She shrieked slightly in surprise, reached for the transparent feeding bottle with the big rubber nipple and shoved it between his lips

“Defining Pain: Episode One” by Akwele Patricia

I saw her. I could almost feel her pain pierce through my soul, but I didn’t have enough strength to carry such a load. They say the eyes are the windows to one’s soul, well; she looked lifeless to have a soul, her eyes almost inexpressible only for the tears that run down the same lines falling to her ears every time she blinked.

Akwele: Oh my! Look at you, what have you done to yourself? Who did this to you? How… how long have you been like this? C’mon girl, talk to me.

Finally her eyes turned to look at me. The swift glare caused my heart to miss a beat whiles sending chills down my spine. A sudden breeze of heavily weighed down emotions just covered my entire body and for a moment, I almost looked like her; lifeless. A series of plausible scenarios that might have caused her state flashed my mind; pregnancy, terminal illness, rejection, theft, failure, suicidal attempts…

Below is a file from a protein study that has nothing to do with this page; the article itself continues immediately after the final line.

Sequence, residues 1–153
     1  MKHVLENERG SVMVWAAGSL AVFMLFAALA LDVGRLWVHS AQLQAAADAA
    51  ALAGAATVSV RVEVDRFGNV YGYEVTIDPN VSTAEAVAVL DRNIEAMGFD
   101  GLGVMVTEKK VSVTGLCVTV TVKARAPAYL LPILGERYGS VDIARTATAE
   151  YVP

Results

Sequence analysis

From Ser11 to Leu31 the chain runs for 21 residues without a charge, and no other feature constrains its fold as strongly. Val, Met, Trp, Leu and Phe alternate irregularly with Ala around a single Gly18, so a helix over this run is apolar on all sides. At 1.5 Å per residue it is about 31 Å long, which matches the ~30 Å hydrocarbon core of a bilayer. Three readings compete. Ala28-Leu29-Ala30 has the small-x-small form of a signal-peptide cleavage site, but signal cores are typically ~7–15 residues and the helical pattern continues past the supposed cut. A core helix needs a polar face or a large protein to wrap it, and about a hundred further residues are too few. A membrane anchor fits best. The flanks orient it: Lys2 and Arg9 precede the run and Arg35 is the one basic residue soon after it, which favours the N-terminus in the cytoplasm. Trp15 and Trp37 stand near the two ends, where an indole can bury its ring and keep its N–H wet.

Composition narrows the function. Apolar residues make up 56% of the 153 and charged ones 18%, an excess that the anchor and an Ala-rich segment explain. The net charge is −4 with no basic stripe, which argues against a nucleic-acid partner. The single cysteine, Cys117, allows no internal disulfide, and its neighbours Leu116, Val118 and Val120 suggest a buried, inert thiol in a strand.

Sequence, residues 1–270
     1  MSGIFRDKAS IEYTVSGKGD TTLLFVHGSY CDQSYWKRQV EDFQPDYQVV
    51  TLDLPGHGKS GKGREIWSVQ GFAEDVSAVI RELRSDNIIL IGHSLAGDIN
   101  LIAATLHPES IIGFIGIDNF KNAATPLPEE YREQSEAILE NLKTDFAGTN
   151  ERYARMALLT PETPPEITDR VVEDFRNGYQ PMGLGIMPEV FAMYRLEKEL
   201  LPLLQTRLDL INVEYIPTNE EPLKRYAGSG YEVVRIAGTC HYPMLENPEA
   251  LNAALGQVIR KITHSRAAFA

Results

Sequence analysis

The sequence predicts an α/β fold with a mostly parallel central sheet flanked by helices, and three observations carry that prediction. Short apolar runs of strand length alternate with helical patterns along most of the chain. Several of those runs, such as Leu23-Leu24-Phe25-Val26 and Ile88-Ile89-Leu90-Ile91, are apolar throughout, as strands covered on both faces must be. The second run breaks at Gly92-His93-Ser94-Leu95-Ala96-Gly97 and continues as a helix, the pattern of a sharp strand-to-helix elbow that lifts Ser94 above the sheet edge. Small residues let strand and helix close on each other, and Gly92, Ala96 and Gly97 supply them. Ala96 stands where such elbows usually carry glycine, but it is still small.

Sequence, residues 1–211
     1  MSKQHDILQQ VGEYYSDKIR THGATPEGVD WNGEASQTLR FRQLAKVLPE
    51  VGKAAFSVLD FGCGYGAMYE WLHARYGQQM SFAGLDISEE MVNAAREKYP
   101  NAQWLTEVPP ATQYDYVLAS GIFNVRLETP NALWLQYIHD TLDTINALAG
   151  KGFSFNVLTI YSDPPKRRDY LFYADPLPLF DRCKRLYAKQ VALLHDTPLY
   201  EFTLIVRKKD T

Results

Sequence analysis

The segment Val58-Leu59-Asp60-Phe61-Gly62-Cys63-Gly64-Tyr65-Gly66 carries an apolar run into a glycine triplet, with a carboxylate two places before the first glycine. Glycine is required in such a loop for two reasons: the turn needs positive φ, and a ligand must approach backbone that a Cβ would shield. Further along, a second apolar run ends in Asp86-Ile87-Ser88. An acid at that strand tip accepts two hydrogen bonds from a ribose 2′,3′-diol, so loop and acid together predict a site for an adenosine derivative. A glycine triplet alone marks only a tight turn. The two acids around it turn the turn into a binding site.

Nana Esi: I… I had to speak with someone

What happened to her voice? When was the last time she spoke?

Akwele: Speak to me. I’m here. We’ve had 4 mid-semester exams between last week and yesterday. You aren’t in good shape Nana Esi, talk to me, I’m listening.

Nana Esi: I have a story for you and I want it written and published so my message could be sent across. Akwele, I messed up. I messed up real bad and I need you to forgive me first but try not to judge me. I thought and considered ending my life, have I sinned?

Akwele: hey… hey… hey..! What’s that supposed to mean?